Fiber Optic Cables Are Everywhere: How Do They Work?Engineering360 News Desk | June 16, 2016
Fiber optic cables are composed of one or more transparent fibers enclosed in protective coverings and strength members. Fiber optic cables allow signals, such as light, to travel through without interference. A real fiber optic cable is made of glass which is incredibly pure to allow light to pass through over very long distances. The glass is then coated in two layers of plastic.
The plastic gives the equivalent mirror effect which creates total internal reflection. Light traveling through the fiber bounces at shallow angles and stays completely within the fiber. This happens when the light hits the interface at angle larger than the critical angle. At this angle it will not pass through to the second medium at all.
Information, such as analog voice signals, is translated into digital signals. The digital information is then sent bit-by-bit (1's and 0's) by a laser; modern lasers can send the information at rates of billions of bits per second.
Today's system uses different colored lasers to fit multiple signals into the same fiber. This information can be carried over long distances (60 miles) with equipment huts every 40 to 60 miles; these huts retransmit the signal down the next segment at full strength.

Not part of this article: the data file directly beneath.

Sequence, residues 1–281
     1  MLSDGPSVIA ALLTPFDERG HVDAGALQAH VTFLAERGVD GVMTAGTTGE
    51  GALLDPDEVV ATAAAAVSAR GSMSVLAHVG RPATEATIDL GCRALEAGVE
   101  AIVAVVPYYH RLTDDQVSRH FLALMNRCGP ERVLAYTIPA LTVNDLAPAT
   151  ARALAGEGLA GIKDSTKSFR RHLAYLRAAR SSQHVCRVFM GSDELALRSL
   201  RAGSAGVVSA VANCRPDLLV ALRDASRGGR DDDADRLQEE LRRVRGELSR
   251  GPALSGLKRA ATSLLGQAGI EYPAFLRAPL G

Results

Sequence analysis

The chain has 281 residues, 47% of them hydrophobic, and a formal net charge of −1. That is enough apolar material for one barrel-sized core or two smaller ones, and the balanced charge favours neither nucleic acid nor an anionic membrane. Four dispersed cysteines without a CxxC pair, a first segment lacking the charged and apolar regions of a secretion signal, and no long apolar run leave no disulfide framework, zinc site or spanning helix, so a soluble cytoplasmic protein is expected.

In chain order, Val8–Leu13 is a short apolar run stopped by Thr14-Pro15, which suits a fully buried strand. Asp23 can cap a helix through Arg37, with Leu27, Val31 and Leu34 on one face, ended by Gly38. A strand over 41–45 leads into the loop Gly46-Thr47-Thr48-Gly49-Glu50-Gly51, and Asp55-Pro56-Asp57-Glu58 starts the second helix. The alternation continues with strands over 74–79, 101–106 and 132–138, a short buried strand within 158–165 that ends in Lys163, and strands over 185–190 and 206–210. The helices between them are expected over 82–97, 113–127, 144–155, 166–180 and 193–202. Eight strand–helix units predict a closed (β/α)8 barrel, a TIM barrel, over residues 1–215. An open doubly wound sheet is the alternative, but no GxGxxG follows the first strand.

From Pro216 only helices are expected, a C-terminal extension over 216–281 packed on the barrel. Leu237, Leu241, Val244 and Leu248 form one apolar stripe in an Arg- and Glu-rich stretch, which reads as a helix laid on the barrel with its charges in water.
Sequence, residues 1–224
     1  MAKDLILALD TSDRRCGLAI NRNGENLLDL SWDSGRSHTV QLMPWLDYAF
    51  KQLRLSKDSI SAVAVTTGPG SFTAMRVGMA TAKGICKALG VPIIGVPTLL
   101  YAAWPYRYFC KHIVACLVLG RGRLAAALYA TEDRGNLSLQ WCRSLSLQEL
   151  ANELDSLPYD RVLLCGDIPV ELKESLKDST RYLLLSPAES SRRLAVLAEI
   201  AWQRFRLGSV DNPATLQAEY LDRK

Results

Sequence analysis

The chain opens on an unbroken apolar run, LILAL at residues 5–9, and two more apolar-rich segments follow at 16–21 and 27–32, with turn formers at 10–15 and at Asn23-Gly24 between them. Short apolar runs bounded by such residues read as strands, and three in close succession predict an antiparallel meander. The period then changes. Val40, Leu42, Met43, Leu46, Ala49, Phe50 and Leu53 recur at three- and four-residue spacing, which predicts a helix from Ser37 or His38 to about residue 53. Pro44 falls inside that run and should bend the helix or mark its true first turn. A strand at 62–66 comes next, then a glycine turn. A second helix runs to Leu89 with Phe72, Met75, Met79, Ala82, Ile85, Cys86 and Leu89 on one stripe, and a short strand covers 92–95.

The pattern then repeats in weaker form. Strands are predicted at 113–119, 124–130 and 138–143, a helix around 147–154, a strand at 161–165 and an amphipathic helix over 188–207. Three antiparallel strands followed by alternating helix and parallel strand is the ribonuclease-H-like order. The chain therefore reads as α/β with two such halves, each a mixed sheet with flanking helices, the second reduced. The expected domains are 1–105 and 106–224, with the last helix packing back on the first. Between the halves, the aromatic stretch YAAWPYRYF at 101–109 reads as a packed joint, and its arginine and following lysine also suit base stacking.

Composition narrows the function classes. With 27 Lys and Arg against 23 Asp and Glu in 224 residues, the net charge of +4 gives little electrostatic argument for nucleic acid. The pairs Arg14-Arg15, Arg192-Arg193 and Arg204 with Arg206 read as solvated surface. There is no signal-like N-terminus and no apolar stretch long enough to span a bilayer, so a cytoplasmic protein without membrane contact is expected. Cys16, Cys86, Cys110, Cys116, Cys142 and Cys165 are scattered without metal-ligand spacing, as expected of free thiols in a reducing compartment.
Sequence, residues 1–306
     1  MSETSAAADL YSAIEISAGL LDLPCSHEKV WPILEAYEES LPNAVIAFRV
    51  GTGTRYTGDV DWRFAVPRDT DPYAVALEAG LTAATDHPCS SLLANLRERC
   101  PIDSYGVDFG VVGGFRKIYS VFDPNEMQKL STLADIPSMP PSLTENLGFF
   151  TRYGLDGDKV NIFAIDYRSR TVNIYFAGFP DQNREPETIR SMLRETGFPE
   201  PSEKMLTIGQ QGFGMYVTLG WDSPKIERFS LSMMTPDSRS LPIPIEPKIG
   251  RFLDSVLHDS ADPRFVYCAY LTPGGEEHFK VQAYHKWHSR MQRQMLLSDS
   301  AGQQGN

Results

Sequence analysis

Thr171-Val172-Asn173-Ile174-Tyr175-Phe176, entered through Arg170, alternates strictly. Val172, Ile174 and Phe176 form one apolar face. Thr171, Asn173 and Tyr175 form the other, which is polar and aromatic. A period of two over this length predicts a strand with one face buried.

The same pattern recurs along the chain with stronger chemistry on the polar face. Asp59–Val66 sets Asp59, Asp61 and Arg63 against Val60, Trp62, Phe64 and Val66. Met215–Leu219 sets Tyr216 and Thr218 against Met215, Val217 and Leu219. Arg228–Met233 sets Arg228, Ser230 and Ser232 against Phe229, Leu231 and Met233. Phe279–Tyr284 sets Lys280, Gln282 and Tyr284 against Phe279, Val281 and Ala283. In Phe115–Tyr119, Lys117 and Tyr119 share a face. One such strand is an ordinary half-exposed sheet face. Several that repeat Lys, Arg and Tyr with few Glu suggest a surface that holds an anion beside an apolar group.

Fiber optic cables play an important role in long distance communication such as telephone and Internet lines. These cables often are significantly less expensive than copper wires.
Cable types can include:
Simplex- Simplex cables are fiber optic cables with a single optical fiber. They are used in applications that only require one-way data transfer. Simplex is available in singlemode and multimode.
Duplex- Duplex cables are fiber optic cables with two optical fibers. They are usually set up side-by-side and can be used for applications that require simultaneous, bi-directional data transfer. Duplex fiber is available in singlemode and multimode.
Multifiber- Multifiber cable is a fiber optic cable with several optical fibers.
Patch cord - Patch cords are short lengths of fiber optic cable with connectors that can be directly attached to other equipment for connecting and managing convenience.
Bare fiber - Bare fiber refers to a fiber optic core and cladding only. This fiber is primarily used for connecting equipment on one end to a light source on the other. Bare fiber can be terminated, polished, or prepared for pig-tailing.